Design: front-loading internal
Number of Pockets: 5
Max. Load Carried: 30 pounds
Height of Owner: 6 foot
Price Paid: $127.96
I picked up this pack last year but did not get a chance to use it until this fall. I did a two day trip across the Bigelows in Western Maine. I loved it! It was light and comfortable, I found that the belt fit my body better than other packs I have used in the past (no friction sores on the hips!)
The only downfall that I noticed was that the low number of external pockets makes made it harder for me to organize things the way I like to. Otherwise, the pack preformed great!
I found mine at Epic Sports in Bangor. If you are from the area you can try one on there--they have the only hip belt molder (that I know of) in Maine. They have a website too:
Max. Load Carried: 45
Height of Owner: 6'2"
Price Paid: $80
What I love most about this pack other than the impeccable construction and great styling is the fact that when I pack my stuff into my kayak's dry bay, I can roll this pack up and stuff it in with ease. Yet, when I fill this pack with a week's worth of supplies, it feels light and straight on my back during hikes.
Max. Load Carried: 30lbs
Height of Owner: 6'4"
Price Paid: $150
Best pack I have ever owned. I use the pack every day during the summer for research in the canyon lands of Utah (Zion, Capitol Reef, Cedar Mesa….). Very good in hot environments, but also use it for cross country skiing during the winter. Packs small enough for a day hike or large enough for a few days of light packing. I am 6’4”, 180 and love the fit of the m/l adjustable torso.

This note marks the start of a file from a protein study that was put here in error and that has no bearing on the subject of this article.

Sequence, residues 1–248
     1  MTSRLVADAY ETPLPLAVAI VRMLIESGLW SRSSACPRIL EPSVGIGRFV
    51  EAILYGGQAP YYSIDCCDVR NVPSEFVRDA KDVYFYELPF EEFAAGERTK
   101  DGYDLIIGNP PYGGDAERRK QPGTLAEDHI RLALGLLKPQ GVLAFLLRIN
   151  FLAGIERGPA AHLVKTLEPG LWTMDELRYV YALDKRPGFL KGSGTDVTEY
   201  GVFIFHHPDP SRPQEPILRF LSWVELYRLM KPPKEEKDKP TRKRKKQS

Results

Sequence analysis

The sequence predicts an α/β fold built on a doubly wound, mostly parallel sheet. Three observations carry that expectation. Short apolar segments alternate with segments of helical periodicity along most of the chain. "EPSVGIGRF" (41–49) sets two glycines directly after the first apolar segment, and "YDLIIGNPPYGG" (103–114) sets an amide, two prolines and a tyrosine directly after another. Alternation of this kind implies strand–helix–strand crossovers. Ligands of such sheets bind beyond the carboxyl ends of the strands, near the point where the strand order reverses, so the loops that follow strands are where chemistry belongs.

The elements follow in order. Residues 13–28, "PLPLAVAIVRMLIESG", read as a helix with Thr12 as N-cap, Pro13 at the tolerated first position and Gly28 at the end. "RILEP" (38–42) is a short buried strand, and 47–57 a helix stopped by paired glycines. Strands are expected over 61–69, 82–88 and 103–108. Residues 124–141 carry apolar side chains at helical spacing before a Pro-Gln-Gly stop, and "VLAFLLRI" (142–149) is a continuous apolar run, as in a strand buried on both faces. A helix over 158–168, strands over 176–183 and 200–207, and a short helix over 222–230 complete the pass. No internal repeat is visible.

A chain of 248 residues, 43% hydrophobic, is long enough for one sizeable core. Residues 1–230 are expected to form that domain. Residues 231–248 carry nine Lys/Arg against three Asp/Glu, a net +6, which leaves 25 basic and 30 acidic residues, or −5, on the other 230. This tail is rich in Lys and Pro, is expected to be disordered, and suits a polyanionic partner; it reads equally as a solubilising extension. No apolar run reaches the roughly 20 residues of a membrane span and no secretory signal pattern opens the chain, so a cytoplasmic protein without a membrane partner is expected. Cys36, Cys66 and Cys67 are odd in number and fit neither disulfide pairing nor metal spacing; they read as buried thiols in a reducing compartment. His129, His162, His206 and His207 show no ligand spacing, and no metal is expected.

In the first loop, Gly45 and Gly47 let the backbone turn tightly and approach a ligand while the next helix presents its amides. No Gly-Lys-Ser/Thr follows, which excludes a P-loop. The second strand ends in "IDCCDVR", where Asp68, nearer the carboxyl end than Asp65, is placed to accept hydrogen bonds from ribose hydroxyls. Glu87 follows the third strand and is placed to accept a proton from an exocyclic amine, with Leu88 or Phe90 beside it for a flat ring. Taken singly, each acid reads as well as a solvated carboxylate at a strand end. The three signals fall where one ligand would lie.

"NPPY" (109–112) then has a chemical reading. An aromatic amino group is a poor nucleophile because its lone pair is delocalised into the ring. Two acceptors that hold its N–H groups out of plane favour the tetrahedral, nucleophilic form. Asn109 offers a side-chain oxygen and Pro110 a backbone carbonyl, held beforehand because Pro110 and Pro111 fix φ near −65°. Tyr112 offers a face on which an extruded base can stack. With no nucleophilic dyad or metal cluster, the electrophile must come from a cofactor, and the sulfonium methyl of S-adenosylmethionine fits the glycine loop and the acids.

Best use would be for overnight hikes.
Design: Top-loading, internal frame
Size: 2500 cu. in.
Number of Pockets: 5
Max. Load Carried: 30+ pounds
Height of Owner: 5' 9"
Price Paid: $135
I used this pack on what was supposed to be a weekend backpacking trip into the Smokies that turned into an overnight trip due to our pace. The pack is really great. It's super light and versatile and has lots of loading options. It also loads and carries very well up to about 30 pounds; however, the reason I gave it 4/5 stars is because of the minimal padding in the shoulder straps.
I could really feel them on the second day and they left my shoulders a bit sore. I was probably pushing the design load though and believe that had I packed a bit more selectively, I would have had no problems. Overall, I am definitely pleased with the pack and can't wait to use it again!